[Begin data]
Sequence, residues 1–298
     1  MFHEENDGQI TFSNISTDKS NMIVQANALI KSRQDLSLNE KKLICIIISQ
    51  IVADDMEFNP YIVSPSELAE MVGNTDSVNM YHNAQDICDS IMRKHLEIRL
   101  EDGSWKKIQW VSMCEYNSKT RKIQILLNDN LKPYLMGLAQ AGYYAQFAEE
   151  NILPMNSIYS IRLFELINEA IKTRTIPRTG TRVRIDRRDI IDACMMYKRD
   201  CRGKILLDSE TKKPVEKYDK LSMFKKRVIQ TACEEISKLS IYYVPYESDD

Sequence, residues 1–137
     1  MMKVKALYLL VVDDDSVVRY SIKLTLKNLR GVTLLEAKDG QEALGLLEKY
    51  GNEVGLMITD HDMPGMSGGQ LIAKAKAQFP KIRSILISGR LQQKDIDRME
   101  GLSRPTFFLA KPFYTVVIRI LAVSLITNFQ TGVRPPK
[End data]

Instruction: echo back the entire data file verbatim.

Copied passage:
Sequence, residues 1–298
     1  MFHEENDGQI TFSNISTDKS NMIVQANALI KSRQDLSLNE KKLICIIISQ
    51  IVADDMEFNP YIVSPSELAE MVGNTDSVNM YHNAQDICDS IMRKHLEIRL
   101  EDGSWKKIQW VSMCEYNSKT RKIQILLNDN LKPYLMGLAQ AGYYAQFAEE
   151  NILPMNSIYS IRLFELINEA IKTRTIPRTG TRVRIDRRDI IDACMMYKRD
   201  CRGKILLDSE TKKPVEKYDK LSMFKKRVIQ TACEEISKLS IYYVPYESDD

Sequence, residues 1–137
     1  MMKVKALYLL VVDDDSVVRY SIKLTLKNLR GVTLLEAKDG QEALGLLEKY
    51  GNEVGLMITD HDMPGMSGGQ LIAKAKAQFP KIRSILISGR LQQKDIDRME
   101  GLSRPTFFLA KPFYTVVIRI LAVSLITNFQ TGVRPPK